“Only when you lose all energy and end up in a sickbed do you realise that you haven’t eaten well.”
Her sister went to kindergarten when the famine started taking shape. She collapsed and started losing her eyesight. Her friends helped her out with the collection of a specific herb, whose soup could have been a possible cure. Sadly it didn’t work, and her mother had to write to their father, who was away for military work. He gradually could manage to send some pig liver which fortunately worked.
As hard times intensified, farmers would be already digging edible herbs to curb hunger. Food made from rice root tasted awful, but she had no other choice. Their mother planted cucumber in the backyard, which generally took a lot of time to grow. They were forbidden to eat it unless they shared one with siblings. She fought the urge to eat that at least a dozen times and more.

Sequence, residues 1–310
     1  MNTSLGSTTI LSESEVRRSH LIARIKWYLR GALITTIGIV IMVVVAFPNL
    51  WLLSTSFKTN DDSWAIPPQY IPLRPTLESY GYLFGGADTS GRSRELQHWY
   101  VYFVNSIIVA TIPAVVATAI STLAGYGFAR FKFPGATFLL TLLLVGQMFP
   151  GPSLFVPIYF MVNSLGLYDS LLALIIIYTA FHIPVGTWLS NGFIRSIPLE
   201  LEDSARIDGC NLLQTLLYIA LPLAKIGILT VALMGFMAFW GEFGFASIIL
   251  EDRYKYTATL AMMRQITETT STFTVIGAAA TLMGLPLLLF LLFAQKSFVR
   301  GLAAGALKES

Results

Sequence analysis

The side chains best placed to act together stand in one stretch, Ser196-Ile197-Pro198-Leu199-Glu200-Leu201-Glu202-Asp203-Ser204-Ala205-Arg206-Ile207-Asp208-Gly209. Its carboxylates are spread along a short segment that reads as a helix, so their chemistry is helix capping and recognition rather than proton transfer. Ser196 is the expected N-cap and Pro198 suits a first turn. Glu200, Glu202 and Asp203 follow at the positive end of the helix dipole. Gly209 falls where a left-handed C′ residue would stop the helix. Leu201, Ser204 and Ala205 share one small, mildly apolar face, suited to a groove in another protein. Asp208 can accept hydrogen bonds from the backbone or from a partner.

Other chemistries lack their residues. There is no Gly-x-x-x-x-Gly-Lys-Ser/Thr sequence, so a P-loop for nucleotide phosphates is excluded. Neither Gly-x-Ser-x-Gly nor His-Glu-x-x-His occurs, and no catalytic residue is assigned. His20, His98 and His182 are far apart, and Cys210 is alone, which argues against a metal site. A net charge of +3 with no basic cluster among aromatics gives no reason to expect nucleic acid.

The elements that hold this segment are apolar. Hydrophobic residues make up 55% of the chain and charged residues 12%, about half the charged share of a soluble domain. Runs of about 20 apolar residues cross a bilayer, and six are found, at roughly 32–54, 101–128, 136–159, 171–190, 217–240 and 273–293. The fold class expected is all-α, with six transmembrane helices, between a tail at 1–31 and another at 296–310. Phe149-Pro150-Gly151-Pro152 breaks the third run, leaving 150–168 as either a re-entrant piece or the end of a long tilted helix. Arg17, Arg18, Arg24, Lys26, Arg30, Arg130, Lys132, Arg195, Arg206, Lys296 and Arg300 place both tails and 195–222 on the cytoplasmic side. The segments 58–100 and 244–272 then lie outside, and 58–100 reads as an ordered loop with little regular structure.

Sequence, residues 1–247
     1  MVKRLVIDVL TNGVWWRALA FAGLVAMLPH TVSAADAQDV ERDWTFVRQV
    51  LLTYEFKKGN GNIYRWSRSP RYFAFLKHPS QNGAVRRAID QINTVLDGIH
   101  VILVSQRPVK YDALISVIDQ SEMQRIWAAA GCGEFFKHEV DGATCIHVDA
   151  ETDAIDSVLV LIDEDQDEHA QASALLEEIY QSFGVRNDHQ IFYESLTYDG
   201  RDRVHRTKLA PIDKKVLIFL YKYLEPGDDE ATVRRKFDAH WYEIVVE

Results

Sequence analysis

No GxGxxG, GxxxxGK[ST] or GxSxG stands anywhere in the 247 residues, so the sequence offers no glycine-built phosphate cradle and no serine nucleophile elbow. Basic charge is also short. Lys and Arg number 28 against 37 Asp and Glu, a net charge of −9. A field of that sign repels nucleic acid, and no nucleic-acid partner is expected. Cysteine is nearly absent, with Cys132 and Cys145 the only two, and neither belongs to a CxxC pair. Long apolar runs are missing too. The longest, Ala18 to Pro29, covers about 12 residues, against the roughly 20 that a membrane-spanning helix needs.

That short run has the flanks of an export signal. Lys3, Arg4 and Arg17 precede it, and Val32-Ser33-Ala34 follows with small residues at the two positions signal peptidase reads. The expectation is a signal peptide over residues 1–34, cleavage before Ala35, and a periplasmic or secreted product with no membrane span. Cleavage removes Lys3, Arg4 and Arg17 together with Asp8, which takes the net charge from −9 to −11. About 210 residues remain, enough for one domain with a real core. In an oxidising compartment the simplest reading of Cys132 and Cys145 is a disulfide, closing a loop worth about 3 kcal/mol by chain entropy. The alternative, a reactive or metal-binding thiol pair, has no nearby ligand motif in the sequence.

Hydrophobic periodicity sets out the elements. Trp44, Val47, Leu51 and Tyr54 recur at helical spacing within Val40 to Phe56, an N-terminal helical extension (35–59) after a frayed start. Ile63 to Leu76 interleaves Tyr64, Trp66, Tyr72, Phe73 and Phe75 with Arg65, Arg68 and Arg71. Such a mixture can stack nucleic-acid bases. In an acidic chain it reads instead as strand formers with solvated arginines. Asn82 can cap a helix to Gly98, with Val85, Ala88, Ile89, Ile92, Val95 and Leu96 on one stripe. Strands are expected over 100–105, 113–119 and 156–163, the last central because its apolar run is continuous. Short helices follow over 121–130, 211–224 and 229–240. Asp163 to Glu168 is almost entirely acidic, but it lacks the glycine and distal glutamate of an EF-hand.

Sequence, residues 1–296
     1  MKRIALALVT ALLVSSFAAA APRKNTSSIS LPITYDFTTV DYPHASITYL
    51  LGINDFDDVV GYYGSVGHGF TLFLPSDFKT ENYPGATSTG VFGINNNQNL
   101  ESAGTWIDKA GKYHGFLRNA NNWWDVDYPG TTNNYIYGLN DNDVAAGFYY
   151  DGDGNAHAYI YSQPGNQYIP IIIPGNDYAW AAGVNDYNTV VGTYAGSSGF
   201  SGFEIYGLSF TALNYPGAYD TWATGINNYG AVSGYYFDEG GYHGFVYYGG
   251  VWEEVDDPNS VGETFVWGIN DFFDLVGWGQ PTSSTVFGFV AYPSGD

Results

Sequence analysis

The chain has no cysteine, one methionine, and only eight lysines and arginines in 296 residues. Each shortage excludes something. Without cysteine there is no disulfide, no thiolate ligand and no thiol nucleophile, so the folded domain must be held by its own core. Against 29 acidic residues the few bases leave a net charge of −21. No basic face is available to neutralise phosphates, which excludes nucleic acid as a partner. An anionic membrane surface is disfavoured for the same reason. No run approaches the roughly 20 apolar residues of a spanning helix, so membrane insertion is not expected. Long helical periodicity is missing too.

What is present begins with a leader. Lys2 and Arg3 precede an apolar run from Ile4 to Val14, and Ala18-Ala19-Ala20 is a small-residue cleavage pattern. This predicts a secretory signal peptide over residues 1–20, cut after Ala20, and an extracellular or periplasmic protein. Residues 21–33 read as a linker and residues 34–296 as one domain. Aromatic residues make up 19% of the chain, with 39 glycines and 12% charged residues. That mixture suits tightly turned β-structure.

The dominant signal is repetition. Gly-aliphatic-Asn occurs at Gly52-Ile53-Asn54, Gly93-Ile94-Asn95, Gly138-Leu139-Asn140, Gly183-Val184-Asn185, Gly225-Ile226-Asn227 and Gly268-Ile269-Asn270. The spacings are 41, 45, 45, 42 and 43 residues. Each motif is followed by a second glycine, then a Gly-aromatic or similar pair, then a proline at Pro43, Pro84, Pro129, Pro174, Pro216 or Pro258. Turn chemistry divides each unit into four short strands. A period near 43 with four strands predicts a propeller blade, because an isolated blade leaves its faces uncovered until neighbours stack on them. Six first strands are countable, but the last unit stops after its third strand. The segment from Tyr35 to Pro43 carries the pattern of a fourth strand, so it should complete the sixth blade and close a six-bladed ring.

How did North Korea Recover?
The World Food Programme and individual nations like United States, China, Japan, South Korea, etc., have sent enormous aids, provided with the restrictions imposed as they are highly subjected to North Korean exceptionalism.
The humanitarian agencies, as mentioned earlier, blame the government for diverting the resources for the military.
Many of the victims just decided to abandon their nation as they packed their belongings and shuffled out.
The restrictions though severe, were not functional because the police officers themselves might be hunting their dinners for the night.
The rations received from the state were never enough.